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The Power Of Words Across Cultures

The Power of Words Across Cultures

In recent centuries, English has become a global language. Over 380 million people speak it as their first language and more than 200 million as their second language.

According to the National Standards for Foreign Language Education, people cannot truly master a new language until they have grasped the cultural context in which that language occurs. This means that understanding the relevant culture is an important element in successfully acquiring a second language. Not only the literal meanings of words, but also their cultural context must be taken into consideration.

When you use a different language than your native tongue, you need to do more than just replace the words in one language with equivalent ones in the other – since there is, as indicated, another layer of translation: cultural translation. In the business arena, companies and individuals have a responsibility to understand what their colleagues, partners, superiors, competitors, etc., want to communicate; not only the literal meaning of their words but also the intentions and assumptions behind them. When people work in and with diverse groups, cultural intelligence is a must for smooth operations and relations.

People from different countries use dissimilar styles of speech. People who usually speak in a more straightforward manner in their own culture may need to “soften” their messages when communicating with people from other cultures. This can be achieved by using more positive words, being more considerate and polite, and working on their ability to wait and listen.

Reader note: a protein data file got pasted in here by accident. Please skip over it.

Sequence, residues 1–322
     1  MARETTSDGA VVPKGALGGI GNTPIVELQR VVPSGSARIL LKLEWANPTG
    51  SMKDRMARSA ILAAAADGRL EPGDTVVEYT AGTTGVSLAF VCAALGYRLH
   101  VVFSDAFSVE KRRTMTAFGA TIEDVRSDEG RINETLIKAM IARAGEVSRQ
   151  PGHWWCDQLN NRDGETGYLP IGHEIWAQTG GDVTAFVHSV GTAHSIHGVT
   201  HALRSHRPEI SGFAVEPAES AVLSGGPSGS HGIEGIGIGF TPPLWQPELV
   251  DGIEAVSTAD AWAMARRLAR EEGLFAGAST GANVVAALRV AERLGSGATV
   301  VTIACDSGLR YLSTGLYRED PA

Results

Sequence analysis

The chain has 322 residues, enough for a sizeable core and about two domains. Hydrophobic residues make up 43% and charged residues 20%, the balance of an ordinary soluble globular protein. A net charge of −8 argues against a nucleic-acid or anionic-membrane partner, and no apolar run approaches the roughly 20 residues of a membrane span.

On the other hand, people from countries who use more of an indirect style of speech would do well to differentiate between their own cultural sensitivity and a necessary degree of directness in business – and adjust their language to be immediately understood by others. For example, if you are Swedish and you work for a Dutch company, saying to one of your coworkers that you are “a bit disappointed” will not be clear to them if that is your way of subtly hinting that you feel absolutely frustrated and fed up or you completely disagree with the work they just did.

As an Israeli organizational consultant with expertise in cross-cultural communication, I am aware of the challenge of learning how to “soften” messages without losing the ability to share honest thoughts and maintain authenticity. In my one-on-one consultations, workshops and lectures, I work with participants from different cultures on how to “soften” or “toughen up” communication, depending on their origin culture and those of the people they communicate with. Let’s look at the example below:

You are a German manager working for a global company as a data and BI leader. Sam, one of your American employees, comes up with some useless data about online sales. Since you have high cultural intelligence, you know that an outright negative statement to an American will be too blunt and aggressive for him. Therefore, the message needs to be “softened.” Here are a few ways to do so:

 

  1. Start with setting expectations (or presenting facts)
  • The reports should show “A” and “B.”
  1. Use modal verbs (would, should, could…) and open questions
  • Should we consider improving the data consumption standards (availability and refresh time)?
  1. Use the passive voice and positive words
  • Data quality and system stability is sensational for our company success.

 

Changing the way you speak may be frustrating at first. It takes time to learn how to “soften” or “toughen up” the message without losing your ability to keep it real and honest. However, the power of words and styles of communication, and their impact on our global business success, should not be underestimated! It is essential to translate your manner along with your words, and add the necessary dose of cultural adaptation when working in this culturally diverse modern world. Good luck 🙂

 

This Post Has One Comment
  1. Absolutely. It’s just like coding – when using different code languages. You need to de-code, use the right ‘code’ depending on who you’re talking to.

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